Looking Back to 1916: Graduation at Milton 100 Years Ago
by The Milton Measure on Friday, June 10th, 2016
Graduates’ Day dawned in a pouring rain. However, this let up about seven-thirty, and by nine o’clock the sun was out. The morning was given over to a ball game between the 2d team and the grads who were so inclined, a tennis match with St. George’s and the exhibition of school equipment and activities. We must make special note that the 2d team won their game, although they got no hits off. S. M. Felton, the former Harvard pitcher.
At one o’clock a stand-up lunch was provided in Forbes House. Tennis and gold were then in order till the St. George’s game at two-thirty. Since the game was well played and as we won, it was thoroughly satisfactory to all Miltonians. As a soothing finish to the day’s exertions, tea was served at the Lane’s.
While the Graduates’ Association held its annual meeting in the schoolroom, the boys had their spread in Forbes House. Their meeting over, the Grads adjourned to the main dining room to feast.
The toast-master, Mr. Albert Bigelow, ‘99, after putting his hearers in the right mood by an anecdote, introduced Mr. Field as the first speaker.
Mr. Field spoke first of the regretted absence of Messrs. Lane, Harding and Le Sourd. After reading a message from each of these gentlemen, he went on to speak of the growth of the school and of its prospects. He spoke of its attitudes and sentiments, as a credit to the school in things both important and unimportant. He told of its religious feeling which, while not so emphasized as in Groton or St. Mark’s, is strong.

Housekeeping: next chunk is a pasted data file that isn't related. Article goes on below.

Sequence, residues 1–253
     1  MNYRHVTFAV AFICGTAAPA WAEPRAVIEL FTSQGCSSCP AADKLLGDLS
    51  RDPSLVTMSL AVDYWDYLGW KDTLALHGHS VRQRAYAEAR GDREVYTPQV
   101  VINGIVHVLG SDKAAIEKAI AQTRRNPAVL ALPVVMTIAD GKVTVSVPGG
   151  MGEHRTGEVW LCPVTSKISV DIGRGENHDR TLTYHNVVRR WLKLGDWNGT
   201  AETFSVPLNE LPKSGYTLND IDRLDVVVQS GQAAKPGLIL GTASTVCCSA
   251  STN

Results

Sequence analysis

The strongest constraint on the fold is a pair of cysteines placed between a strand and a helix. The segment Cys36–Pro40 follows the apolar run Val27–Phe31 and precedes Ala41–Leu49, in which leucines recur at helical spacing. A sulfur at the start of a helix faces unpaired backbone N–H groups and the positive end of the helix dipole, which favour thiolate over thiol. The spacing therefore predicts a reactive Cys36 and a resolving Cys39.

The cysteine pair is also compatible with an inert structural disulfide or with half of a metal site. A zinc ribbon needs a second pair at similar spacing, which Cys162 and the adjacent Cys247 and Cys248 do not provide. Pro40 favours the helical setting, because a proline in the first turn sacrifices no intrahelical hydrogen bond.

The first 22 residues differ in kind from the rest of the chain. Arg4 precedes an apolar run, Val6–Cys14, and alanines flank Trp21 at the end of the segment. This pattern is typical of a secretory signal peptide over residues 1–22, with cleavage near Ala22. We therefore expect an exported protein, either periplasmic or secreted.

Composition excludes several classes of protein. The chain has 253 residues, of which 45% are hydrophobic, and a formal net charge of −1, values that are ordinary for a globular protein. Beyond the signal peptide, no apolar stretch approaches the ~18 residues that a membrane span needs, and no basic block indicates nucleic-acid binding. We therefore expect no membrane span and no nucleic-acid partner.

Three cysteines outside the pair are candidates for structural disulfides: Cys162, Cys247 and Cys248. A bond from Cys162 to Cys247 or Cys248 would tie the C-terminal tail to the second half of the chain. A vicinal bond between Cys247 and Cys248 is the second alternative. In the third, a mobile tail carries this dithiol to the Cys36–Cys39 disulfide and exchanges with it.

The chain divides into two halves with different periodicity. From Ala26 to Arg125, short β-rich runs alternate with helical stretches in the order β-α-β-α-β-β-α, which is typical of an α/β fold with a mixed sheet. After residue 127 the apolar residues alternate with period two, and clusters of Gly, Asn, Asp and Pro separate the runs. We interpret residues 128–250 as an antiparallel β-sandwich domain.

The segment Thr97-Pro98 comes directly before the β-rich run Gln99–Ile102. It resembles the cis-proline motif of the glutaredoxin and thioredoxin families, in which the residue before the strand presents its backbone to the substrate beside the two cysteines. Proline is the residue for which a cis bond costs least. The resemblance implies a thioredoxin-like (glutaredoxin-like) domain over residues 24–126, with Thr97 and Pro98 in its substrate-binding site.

The next to speak was Mr. John F. Perkins. He ran on some time in a humorous vein, and then turning to more serious topics spoke of the good work of school teachers in general, and of Mr. Field in particular. He closed by calling for a regular cheer for Mr. Field, which was given with a will.
President Lowell was then introduced and cheered. He talked of the value of education which gave a man the faculty of working with other men and of using his powers where they would do the most good.
The lantern was then brought in and Dr. F. B Grinnell gave an illustrated lecture on the work of the American doctors in stamping out the typhus epidemic in Servia. Both the pictures and the explanation were interesting. He described and illustrated the nature of the country and showed the wretched buildings used as hospitals.
On behalf of the Graduates we wish to thank Miss Packard and others for their labors towards making the dinner a success.
Short URL: http://miltonmeasure.org/?p=8215